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Developing Best Practices for Small and Very Small Pork Processing Plants to Improve Food Safety
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Best practices have previously been developed for beef slaughter and further processing operations with input from academic and industry leaders. Best practices for pork processors have not been developed, and those developed for the beef industry may not always be applicable to the operations of Small and Very Small establishments. Small and Very Small establishments warrant unique consideration in terms of financial and technological capabilities. While larger processors utilize multiple capital-intensive microbial interventions, smaller establishments often must rely on sanitary practices and more traditional interventions. In order to develop best practices for Small and Very Small pork slaughter and further processing establishments, a survey instrument seeking information on establishment and facility characteristics as well as current sanitary practices was distributed to Small and Very Small establishments in the Southwest region. Additionally, microbiological baselines were established for six Small and Very Small pork slaughter and/or further processing establishments to allow the efficacy of best practices to be assessed following implementation in each of the six plants. Survey responses revealed areas where best practice recommendation efforts may be focused, and microbiological baseline data provided insight to the condition of carcasses and environmental surfaces using current sanitary practices. Combined, the data reveal the opportunities for improvement in the food safety systems of Small and Very Small pork processing establishments.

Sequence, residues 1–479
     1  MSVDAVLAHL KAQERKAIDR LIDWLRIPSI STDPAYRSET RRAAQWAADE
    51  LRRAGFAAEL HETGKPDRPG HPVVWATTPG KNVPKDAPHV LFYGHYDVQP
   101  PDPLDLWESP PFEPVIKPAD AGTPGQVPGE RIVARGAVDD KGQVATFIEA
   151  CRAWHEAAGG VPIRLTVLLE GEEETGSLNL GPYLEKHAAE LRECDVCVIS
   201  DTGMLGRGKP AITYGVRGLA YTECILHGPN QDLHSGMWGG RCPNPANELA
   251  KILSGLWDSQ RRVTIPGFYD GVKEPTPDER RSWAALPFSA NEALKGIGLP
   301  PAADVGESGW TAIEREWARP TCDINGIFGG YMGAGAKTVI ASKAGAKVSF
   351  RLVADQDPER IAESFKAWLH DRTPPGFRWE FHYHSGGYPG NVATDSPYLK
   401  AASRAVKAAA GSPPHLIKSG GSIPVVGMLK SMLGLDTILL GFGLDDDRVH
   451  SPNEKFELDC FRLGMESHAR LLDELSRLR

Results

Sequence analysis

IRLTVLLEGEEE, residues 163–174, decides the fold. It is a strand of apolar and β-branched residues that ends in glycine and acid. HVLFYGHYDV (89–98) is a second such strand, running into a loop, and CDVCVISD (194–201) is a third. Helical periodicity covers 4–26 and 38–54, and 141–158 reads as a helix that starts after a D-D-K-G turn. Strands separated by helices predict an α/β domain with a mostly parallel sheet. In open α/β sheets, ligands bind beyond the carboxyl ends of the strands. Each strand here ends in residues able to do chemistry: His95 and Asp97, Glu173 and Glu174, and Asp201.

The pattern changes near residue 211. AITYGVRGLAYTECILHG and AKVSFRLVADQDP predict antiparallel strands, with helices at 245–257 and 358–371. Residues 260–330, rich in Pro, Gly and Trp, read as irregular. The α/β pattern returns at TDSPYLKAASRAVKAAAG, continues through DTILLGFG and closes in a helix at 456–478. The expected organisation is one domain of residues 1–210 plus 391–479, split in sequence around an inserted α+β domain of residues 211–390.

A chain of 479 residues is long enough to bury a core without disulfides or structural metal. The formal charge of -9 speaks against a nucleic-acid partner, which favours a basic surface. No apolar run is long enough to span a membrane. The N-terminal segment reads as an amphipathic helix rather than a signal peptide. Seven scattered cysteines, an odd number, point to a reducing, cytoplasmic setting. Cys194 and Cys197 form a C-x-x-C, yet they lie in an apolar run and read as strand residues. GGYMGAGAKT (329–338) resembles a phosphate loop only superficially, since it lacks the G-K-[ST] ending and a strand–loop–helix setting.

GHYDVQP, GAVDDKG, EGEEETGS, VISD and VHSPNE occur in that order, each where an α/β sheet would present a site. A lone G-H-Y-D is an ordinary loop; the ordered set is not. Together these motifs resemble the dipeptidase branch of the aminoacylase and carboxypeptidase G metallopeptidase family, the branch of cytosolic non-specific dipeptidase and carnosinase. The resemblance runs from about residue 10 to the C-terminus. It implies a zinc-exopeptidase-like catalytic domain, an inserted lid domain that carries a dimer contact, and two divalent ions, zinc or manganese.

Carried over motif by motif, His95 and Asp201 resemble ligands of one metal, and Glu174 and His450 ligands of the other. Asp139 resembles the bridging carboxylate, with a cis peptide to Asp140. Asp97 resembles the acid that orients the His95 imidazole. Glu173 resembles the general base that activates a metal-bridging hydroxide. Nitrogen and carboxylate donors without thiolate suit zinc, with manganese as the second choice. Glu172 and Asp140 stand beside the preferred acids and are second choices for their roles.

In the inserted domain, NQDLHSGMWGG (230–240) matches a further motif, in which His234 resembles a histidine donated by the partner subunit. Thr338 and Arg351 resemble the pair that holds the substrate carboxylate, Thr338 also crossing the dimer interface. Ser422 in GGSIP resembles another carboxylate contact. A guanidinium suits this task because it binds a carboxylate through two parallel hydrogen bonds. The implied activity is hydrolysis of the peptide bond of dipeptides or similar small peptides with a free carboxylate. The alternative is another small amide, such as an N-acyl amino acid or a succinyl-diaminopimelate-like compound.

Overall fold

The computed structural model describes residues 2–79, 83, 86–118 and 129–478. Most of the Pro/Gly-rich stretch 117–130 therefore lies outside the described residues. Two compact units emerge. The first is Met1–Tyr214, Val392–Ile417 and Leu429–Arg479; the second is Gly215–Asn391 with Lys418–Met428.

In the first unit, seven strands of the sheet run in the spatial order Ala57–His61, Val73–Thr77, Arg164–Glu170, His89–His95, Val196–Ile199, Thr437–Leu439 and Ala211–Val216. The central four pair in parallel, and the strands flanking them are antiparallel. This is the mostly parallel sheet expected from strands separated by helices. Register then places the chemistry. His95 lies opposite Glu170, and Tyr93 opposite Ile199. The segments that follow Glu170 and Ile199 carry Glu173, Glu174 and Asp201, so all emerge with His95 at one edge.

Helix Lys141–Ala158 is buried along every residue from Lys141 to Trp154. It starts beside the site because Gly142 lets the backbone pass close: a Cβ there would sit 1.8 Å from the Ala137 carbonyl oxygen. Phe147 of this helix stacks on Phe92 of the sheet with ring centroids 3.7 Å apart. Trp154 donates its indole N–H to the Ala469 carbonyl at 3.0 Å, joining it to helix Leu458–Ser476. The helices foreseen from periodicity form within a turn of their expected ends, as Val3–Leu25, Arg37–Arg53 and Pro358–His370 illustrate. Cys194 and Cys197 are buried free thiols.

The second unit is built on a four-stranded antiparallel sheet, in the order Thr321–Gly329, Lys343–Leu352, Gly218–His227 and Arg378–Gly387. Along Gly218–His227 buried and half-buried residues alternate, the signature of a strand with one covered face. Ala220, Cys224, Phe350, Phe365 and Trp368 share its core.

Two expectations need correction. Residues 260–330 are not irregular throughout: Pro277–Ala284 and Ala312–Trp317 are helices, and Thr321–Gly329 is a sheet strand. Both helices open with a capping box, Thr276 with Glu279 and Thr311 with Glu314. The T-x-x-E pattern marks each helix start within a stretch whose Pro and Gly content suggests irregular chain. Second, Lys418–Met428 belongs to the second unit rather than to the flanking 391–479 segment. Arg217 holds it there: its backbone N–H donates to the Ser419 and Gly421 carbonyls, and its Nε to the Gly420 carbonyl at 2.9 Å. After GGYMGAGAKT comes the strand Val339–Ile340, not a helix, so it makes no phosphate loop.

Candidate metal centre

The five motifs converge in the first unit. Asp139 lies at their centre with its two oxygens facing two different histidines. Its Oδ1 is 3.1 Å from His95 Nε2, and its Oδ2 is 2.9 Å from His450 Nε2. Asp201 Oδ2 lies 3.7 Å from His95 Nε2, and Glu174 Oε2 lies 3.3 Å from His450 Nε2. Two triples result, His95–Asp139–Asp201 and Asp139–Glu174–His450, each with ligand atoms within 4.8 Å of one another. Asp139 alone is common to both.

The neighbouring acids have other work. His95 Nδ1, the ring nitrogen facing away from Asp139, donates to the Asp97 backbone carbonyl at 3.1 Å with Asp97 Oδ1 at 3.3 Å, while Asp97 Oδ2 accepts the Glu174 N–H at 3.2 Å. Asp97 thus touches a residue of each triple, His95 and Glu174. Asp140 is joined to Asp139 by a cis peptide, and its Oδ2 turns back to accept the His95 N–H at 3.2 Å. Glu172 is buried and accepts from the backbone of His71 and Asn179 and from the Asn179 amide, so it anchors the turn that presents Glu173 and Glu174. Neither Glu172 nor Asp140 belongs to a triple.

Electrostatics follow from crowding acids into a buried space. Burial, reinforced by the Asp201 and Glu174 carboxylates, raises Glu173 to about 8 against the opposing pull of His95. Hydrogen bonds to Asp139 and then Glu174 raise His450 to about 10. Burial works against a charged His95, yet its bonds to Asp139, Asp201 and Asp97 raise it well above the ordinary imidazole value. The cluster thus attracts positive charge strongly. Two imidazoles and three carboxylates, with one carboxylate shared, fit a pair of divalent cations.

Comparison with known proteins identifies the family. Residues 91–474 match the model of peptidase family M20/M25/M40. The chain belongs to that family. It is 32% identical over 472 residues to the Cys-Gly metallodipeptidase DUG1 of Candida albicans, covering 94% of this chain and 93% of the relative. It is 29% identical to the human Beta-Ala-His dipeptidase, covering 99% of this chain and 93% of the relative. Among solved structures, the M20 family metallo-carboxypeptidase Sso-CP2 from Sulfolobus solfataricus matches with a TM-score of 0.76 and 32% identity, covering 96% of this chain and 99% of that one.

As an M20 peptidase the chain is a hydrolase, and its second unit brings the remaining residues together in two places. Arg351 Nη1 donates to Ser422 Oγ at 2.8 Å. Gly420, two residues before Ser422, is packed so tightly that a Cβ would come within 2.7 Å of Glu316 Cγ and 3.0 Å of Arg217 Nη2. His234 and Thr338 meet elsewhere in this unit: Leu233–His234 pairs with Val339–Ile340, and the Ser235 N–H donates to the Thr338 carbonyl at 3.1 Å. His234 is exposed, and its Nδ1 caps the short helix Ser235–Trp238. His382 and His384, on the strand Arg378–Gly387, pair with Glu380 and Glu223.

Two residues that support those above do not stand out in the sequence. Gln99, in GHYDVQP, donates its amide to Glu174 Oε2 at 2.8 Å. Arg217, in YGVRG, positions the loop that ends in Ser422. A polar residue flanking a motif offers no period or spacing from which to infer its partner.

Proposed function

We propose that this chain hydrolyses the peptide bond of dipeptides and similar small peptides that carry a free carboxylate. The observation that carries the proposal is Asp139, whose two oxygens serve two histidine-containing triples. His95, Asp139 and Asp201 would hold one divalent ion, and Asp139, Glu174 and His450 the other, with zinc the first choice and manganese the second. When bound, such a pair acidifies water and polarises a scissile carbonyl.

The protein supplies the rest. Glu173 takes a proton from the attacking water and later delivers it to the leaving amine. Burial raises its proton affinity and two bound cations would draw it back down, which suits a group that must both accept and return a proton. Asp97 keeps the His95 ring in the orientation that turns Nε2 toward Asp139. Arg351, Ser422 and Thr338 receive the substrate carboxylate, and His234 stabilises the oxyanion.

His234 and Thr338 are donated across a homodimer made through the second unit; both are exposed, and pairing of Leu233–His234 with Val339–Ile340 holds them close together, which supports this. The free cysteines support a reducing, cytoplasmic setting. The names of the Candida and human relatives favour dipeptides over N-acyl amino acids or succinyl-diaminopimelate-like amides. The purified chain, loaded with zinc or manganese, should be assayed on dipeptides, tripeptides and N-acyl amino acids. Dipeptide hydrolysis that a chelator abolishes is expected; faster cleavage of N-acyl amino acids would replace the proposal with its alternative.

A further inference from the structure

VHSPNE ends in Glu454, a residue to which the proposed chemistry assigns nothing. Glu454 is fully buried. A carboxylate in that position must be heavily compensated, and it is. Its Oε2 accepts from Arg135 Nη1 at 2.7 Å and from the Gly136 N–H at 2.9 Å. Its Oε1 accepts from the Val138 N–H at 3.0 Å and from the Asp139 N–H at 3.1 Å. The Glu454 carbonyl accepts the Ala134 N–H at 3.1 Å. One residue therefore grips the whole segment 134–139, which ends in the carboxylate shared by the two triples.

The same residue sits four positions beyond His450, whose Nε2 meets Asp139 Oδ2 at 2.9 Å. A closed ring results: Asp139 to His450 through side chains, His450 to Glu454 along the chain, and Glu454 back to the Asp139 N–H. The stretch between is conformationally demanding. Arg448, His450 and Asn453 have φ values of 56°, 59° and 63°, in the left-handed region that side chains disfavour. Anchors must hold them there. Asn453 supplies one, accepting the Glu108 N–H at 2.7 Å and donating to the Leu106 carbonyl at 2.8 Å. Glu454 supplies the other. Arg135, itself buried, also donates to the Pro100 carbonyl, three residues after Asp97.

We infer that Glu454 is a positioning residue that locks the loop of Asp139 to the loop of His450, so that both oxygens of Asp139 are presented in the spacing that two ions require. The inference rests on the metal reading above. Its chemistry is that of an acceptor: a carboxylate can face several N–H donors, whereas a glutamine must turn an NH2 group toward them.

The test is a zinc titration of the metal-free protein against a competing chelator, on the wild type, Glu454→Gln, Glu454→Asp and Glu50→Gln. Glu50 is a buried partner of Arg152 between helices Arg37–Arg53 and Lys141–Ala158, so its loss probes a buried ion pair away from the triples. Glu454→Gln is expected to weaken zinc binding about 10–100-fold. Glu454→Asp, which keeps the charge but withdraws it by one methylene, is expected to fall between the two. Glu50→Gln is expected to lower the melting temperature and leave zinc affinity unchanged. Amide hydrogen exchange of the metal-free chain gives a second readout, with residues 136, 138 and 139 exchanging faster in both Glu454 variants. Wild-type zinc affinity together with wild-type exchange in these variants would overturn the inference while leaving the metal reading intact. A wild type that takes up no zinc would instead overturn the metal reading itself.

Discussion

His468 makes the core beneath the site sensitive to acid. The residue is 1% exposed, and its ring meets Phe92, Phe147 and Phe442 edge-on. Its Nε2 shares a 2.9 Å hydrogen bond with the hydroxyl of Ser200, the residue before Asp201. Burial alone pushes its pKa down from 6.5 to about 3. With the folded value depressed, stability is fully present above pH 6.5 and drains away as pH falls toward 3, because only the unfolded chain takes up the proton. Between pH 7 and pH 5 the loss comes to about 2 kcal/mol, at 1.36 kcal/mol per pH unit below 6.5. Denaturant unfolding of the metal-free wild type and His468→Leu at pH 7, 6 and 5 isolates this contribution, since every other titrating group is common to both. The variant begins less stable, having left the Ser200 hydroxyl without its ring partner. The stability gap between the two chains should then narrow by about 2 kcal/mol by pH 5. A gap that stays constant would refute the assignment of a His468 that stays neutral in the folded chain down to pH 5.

Hendricks, Matthew Benton (2013). Developing Best Practices for Small and Very Small Pork Processing Plants to Improve Food Safety. Master's thesis, Texas A&M University. Available electronically from